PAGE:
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Old 04-08-2010, 09:20 AM   #12
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There have been some screens around that I have seen on ethical investing and green investing. They show underperformance.

I selected option 2.
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Old 04-08-2010, 09:26 AM   #13
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Since I invest through mutual funds (and I didn't specifically seek out socially responsible mutual funds) I don't have any say in which stock gets bought or not, so I do not invest in a socially responsible way.

If I bought stocks individually, I probably would because there are a few corporate practices that bother me.

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Old 04-08-2010, 06:50 PM   #14
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I choose 1, but I do my part to be socially responsible (recycling, limiting waste, volunteering, etc.). Option 2 sounded too much like a guilt trip and I don't feel guilty if the companies I invest in are not considered socially responsive.
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Old 04-08-2010, 07:14 PM   #15
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Generally I think "social investment" funds lag the market. Seems like a silly way to invest.

But the last year or so, these funds have done really well, coming in close to the top in year to date and 1 year results. Long term results, not so good. Also of note, FTSE has a social index (tracked by a fund at Vanguard), so even indexers can get in on the feel good action. And I saw a few Christian/Methodist ETF's lately, if that is your poison.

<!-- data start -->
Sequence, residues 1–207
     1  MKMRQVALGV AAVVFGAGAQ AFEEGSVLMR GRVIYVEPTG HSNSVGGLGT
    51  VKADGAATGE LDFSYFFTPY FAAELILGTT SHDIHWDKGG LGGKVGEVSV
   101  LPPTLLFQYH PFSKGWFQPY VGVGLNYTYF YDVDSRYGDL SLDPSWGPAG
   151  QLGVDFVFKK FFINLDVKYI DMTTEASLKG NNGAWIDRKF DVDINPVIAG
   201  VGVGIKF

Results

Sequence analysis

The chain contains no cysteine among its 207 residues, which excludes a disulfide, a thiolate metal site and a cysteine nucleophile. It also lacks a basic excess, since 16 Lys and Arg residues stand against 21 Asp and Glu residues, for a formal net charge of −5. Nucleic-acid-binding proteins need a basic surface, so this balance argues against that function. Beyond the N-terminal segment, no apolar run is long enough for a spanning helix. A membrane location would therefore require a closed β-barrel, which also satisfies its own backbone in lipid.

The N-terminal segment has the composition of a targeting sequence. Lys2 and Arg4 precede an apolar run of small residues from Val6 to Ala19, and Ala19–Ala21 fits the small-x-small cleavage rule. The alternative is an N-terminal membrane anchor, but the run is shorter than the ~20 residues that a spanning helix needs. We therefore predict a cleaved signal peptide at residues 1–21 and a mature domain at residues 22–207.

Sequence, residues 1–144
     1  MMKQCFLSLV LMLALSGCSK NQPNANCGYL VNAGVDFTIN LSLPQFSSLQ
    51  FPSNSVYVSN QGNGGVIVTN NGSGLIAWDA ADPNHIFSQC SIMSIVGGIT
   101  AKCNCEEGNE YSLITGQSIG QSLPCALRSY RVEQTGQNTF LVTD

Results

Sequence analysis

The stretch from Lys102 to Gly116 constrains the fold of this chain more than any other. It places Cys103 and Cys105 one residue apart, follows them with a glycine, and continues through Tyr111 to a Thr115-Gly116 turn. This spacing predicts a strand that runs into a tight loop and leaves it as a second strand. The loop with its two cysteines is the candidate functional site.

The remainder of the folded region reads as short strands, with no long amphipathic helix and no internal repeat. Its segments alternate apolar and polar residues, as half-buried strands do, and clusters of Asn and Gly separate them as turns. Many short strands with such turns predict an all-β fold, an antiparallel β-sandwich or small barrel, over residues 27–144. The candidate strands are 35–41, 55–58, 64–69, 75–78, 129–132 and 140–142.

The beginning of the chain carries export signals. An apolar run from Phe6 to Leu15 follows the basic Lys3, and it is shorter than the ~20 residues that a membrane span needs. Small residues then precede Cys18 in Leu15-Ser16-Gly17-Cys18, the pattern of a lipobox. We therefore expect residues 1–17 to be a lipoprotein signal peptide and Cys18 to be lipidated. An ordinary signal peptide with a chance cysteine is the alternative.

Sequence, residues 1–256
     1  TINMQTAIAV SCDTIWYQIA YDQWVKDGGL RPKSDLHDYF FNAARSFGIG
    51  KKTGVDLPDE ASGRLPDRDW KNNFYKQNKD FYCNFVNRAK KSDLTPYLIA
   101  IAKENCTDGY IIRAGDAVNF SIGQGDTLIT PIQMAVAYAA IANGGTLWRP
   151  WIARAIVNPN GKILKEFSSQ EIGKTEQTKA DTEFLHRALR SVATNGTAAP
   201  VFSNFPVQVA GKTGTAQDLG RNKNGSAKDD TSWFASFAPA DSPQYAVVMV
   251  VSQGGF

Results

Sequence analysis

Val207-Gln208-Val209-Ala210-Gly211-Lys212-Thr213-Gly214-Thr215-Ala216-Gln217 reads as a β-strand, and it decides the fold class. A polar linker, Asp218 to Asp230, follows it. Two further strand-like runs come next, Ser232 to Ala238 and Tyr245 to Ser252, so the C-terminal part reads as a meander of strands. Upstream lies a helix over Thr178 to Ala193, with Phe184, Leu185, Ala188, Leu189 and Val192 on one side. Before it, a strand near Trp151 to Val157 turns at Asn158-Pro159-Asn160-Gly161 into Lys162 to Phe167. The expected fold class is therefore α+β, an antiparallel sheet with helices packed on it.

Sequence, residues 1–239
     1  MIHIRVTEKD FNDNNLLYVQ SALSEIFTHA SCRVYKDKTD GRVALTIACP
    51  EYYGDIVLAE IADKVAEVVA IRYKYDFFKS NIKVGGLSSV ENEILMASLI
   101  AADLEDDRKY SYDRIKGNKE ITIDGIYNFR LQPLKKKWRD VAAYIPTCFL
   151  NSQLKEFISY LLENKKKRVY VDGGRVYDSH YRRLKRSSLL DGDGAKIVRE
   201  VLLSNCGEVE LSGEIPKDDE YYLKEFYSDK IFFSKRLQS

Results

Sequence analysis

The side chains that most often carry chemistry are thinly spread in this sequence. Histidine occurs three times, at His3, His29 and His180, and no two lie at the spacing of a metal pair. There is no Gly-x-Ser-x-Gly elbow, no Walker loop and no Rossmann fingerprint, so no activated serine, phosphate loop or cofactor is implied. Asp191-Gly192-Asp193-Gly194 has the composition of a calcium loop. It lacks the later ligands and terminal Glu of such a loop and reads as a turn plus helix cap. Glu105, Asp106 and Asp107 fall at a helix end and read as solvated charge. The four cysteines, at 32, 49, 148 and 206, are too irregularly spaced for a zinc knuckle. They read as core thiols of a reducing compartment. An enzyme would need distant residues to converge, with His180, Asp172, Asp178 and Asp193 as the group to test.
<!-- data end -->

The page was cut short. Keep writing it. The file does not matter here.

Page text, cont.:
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Old 04-08-2010, 07:20 PM   #16
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"Socially responsible investing"rewards and encourages societal immorality. How?
-1) Assumption: "Socially irresponsible" companies perform as well as companies in general. (Like kcowan, I've seen studies indicating "socially responsible" companies underperform the market, which supports this assumption)
-2) To the degree that these "socially responsible" investors refuse to buy "socially irresponsible" stock, they reduce demand and therefore market price for these stocks.
3) This makes the price of these "socially irresponsible" stocks attractive. Greedy, socially irresponsible investors with no concerns about the nefarious activities of these evil companies can buy these stocks, enriching themselves.